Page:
Erica Myers

Let’s stop and let that sink in.

Erica Myers the National Foster Youth Institute Passout

By Jessica Bizik
Photography by Chris Crews

According to the National Foster Youth Institute, there’s less than a 3% chance for children who have aged out of the foster care system to earn a college degree. Only half of them will have gainful employment by the age of 24. Twenty percent become immediately homeless as soon as they turn 18.

Let’s stop and let that sink in.

Growing up in Baltimore County, Erica Myers didn’t have any friends or neighbors who were in foster care—at least not that she knew of. She began working in the youth development space when she was still a teenager: volunteering as a counselor at ORGANIZATION, which inspired her to study psychology at Spelman College. She then went on to get her masters in Education Science and Community & Social Change at the University of Miami.

That’s when she got to know—really, fall in love with—dozens of young men and women who were aging out of the foster care system, through an INTERNSHIP with the ORGANIZATION NAME.

“I especially enjoyed working one-on-one with the students,” she says. “They kept me humble—and they taught me a lot about resiliency. I knew that even after I moved back to Baltimore, I’d want to find a way to continue serving that population.”

Enter Fosterpreneur (, the mentorship program Erica launched this year, in addition to working her day job as a WHAT for the Greater Baltimore Urban League. Fosterpreneur introduces foster care alumni between the ages of 18 to 24 to entrepreneurship—through business coaching, financial planning, and mindset development.

“We believe entrepreneurship is a viable career pathway out of poverty. Our goal is to cultivate a new generation of leaders, who chase after their dreams using innovation to change the world,” she says.

Erica, herself, has a mentor: William Honablew, director of the Haysbert Center for Entrepreneurship, which is both a partner and the physical location for the program. William has been helping with the technical part of the curriculum, while Erica has been focusing on the social/emotional piece. Together, they’ve been working on how to tweak the curriculum to meet the unique needs of students who’ve experienced trauma.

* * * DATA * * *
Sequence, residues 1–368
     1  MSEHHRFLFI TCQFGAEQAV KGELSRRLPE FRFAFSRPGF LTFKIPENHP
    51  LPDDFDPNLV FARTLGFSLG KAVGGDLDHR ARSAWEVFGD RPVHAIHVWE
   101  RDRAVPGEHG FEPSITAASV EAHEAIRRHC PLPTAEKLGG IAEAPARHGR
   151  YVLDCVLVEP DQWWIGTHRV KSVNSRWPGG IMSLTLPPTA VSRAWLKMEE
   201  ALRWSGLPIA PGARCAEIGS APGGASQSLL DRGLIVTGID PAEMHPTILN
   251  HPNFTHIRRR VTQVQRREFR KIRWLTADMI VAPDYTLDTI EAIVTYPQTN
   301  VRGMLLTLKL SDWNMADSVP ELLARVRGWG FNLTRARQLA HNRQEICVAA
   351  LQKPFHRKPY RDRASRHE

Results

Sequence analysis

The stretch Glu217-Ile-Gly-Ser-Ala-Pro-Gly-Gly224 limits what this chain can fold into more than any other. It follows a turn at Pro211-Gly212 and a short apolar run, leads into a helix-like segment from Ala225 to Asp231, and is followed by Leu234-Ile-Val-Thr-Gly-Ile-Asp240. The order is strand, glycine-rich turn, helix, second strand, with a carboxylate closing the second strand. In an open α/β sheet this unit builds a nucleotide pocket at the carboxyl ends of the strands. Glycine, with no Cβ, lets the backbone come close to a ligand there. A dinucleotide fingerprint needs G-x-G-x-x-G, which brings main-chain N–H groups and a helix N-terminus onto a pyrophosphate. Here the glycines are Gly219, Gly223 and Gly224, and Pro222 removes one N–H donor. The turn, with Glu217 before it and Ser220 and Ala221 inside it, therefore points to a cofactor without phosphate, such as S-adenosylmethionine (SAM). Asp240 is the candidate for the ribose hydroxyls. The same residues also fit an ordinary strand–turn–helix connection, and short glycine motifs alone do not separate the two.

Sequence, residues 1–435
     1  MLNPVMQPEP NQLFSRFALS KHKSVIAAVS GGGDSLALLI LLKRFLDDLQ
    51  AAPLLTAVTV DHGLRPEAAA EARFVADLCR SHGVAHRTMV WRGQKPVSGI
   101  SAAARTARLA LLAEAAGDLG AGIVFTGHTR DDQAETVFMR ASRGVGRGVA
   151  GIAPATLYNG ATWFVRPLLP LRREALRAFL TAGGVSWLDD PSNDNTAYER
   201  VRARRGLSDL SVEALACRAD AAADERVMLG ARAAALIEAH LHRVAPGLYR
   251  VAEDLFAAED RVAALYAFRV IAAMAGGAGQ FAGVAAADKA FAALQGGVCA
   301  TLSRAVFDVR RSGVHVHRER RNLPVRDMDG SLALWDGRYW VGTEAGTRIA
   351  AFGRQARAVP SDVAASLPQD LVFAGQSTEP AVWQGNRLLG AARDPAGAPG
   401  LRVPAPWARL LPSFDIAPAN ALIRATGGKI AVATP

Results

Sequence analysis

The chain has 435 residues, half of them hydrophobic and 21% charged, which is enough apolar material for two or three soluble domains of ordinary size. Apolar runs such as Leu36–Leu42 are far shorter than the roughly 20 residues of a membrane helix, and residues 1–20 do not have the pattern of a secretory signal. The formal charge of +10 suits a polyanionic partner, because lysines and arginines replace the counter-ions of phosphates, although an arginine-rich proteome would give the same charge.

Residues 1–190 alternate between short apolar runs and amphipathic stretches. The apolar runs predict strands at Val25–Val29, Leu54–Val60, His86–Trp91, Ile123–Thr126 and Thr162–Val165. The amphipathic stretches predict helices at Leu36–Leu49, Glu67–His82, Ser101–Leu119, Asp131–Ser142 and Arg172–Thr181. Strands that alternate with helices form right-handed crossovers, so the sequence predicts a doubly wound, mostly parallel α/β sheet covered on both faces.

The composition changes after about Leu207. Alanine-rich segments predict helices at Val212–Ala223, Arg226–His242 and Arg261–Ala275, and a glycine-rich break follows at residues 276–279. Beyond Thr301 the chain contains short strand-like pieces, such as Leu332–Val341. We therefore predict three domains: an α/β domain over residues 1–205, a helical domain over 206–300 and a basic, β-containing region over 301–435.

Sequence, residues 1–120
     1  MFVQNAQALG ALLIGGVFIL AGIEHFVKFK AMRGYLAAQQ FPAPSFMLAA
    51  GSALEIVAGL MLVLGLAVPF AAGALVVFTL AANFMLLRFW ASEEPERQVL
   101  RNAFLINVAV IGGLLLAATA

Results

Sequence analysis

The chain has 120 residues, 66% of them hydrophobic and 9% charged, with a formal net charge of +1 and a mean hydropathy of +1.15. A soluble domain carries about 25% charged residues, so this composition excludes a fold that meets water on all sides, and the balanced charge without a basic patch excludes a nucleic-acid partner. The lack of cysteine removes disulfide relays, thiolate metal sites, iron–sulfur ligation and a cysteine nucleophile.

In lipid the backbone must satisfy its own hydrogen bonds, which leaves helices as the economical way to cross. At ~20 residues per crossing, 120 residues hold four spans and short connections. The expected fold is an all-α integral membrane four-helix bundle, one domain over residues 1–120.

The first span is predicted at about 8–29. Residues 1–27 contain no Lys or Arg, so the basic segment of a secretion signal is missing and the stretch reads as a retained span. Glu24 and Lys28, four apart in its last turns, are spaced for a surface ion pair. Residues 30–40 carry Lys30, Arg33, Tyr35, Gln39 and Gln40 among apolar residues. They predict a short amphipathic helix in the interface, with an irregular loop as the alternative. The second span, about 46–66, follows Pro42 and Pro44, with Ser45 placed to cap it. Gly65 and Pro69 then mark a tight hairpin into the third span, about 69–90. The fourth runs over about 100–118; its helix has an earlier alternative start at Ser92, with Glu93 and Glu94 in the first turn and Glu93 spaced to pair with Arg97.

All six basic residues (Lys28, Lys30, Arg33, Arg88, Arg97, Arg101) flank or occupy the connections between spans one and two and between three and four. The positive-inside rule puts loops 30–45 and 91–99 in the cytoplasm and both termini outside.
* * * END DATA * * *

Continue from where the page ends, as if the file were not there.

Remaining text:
“Sometimes we’re working with individuals who are dealing with 10 to 20 years of pain,” she says. “We don’t expect overnight changes, but they do happen.”

Erica believes the mindset piece is critical. While every entrepreneur needs a business plan and a balance sheet, they also need a healthy way of looking at themselves and the world.

She’ll ask the students things like: How do you approach each day? Do you believe you deserve WHAT? ANOTHER QUESTION. ANOTHER QUESTION.

Over time, this coaching helps the students to develop greater self-awareness and self-management skills, make responsible decisions, and build strong relationships.

“Young adults who’ve been impacted by foster care are actually natural entrepreneurs,” she says. “They have grit and fortitude. They know how to navigate systems. They’re already savvy about how to work with different people—how to figure things out, when no one else is advocating for them.”

Often, what the students need most is just to feel like somebody’s in their corner. As one recent grad put it: “I loved coming to a positive environment, where people took a genuine interest in me and wanted to help me achieve my goals. I’ve never had that before.”

NUMBER students have gone through the 4-week beta program, which included two hours of education and coaching each week, followed by long-term case management. Erica considers the coursework the foundation, but says, “the real work comes afterwards.”

What’s cool is that the current students are actually involved in the program’s development: giving feedback about what they found most useful—and offering suggestions for other ways Fosterpreneur could support and inspire youth like them.

“We’re building the plane as we fly it—which is a really fun, informative space to be in,” says Erica. “That’s where the innovation happens.”